Canada must be proactive to curb fallout from U.S. steel tariffs, stakeholders say


The Canadian government needs to decide on a proactive response to U.S. President Donald Trump’s new tariffs on steel and aluminum, according to politicians and industry experts.

“This can cause significant economic damage which will make [fiscal] deficits even bigger,” Conservative party leader Andrew Scheer told CBC Radio’s The House on Friday.

Trump announced new trade restrictions Thursday, including a 25 per cent tariff on steel imports and 10 per cent duty on aluminum, but didn’t say whether Canada would be exempt.

With so much cooperation between the two countries on the defence file, Prime Minister Justin Trudeau said it was “absolutely unacceptable” to highlight Canadian steel or aluminum as a security threat. Trump is justifying the tariffs in part on national security grounds.

The United States imported 26.9 million tonnes of steel in 2017; more than four million tonnes of it, came from Canada.

Canada buys more American steel than any other country, accounting for 50 per cent of U.S. exports, according to the Canadian Steel Producers Association.

Justin Trudeau Barrie steel

Justin Trudeau weighed in on the issue of U.S. steel and aluminum tariffs while speaking at an event in Barrie, Ont. (Haydn Watters/CBC)

Significant damage in a short period of time

Canada is now seeking an exemption and is vowing to retaliate if it’s slapped with any new tariffs, but the new trade restrictions are something Scheer said the government should have anticipated.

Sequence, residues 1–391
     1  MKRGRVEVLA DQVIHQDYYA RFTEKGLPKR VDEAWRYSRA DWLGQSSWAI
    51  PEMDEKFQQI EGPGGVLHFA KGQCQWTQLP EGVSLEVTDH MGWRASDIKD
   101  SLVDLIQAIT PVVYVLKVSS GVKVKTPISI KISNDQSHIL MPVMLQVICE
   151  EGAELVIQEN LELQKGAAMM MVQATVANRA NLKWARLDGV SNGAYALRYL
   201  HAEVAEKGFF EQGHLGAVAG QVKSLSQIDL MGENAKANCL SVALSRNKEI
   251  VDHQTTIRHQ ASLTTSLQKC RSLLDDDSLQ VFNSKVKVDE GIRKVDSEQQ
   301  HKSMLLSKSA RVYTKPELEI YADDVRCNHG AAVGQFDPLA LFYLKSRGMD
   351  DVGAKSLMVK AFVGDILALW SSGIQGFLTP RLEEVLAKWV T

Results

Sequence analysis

“They know that this individual, this government, is far more protectionist and we are at risk.”

The Conservatives, Scheer said, were disappointed that this year’s budget included no concrete plan to deal with growing trade tensions with the United States.

Trudeau on Trump’s move against steel and aluminum imports1:46

Politicians aren’t the only ones worries about what these tariffs could mean for Canada’s economy.

“This is going to be a scenario that turns quickly, and the harm that can be done to the domestic industry is significant in a very short period of time,” said Joseph Galimberti, president of the Canadian Steel Producers Association.

The tariffs are going to cost Canada jobs and threaten Canadian business investments, he said.

The tariffs also could force other countries to divert their steel away from the U.S. to other markets, threatening Canada’s ability to remain competitive.

Looking to the government to be ‘creative’

To combat the threat, both Scheer and Galimberti said the Liberals need to use the influence they have to try to get through to Trump.

“It’s troubling to see an American administration revert to some of the failed policies of the past that not just discourages growth, but punishes [it],” Scheer said.

The cross-border trade file under Trump — including the NAFTA talks — has been challenging for Canadian government representatives. Adding tariffs to the mix will only make it harder.

“This kind of 25-per-cent-across-the-board tariff is extraordinary and not something that the traditional Canadian policy framework is set up to deal with,” Galimberti said.

“I think we’re going to look to the government to be creative.”

On Friday, CBC News learned Minister of Transport Mark Garneau had spoken to Wilbur Ross, the U.S. secretary of commerce, and Foreign Affairs Minister Chrystia Freeland will be speaking to U.S. trade representative Robert Lighthizer on Monday. 

The Prime Minister’s Office has also reached out to the White House in the last 24 hours.


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